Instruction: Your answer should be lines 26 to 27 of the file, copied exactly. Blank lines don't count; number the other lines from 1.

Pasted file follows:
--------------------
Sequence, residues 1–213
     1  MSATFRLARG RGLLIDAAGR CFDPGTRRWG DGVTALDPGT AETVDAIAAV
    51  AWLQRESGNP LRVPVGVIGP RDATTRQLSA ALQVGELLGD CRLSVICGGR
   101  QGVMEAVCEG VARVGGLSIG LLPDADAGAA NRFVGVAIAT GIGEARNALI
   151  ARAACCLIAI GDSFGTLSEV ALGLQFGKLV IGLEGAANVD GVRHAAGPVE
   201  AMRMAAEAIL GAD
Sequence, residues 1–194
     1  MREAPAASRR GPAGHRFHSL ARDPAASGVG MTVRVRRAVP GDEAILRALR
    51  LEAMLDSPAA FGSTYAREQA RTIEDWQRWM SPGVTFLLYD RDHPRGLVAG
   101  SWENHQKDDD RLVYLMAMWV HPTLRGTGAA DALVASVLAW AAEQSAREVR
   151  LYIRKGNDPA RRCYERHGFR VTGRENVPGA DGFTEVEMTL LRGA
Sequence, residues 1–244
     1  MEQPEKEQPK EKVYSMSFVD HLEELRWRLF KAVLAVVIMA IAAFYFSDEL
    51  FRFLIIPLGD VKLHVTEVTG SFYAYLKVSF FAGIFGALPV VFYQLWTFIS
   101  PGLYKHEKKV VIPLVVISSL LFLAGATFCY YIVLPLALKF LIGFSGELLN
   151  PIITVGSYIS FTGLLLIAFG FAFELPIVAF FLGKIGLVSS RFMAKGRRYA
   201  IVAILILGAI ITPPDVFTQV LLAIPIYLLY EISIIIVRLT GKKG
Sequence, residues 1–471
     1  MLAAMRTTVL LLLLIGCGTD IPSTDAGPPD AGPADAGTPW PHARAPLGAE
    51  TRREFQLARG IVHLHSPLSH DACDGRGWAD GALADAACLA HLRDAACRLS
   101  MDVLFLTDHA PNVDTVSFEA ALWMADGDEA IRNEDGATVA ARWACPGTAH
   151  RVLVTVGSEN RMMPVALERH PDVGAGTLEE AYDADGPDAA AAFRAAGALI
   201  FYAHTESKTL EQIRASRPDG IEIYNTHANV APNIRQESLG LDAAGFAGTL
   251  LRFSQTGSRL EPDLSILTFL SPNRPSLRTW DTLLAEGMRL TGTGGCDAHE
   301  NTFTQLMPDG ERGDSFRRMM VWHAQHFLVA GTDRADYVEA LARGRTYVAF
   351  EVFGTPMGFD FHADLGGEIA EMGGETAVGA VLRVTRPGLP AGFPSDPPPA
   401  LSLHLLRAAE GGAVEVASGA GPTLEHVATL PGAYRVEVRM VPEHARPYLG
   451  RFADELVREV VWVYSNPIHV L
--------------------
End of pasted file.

   351  EVFGTPMGFD FHADLGGEIA EMGGETAVGA VLRVTRPGLP AGFPSDPPPA
   401  LSLHLLRAAE GGAVEVASGA GPTLEHVATL PGAYRVEVRM VPEHARPYLG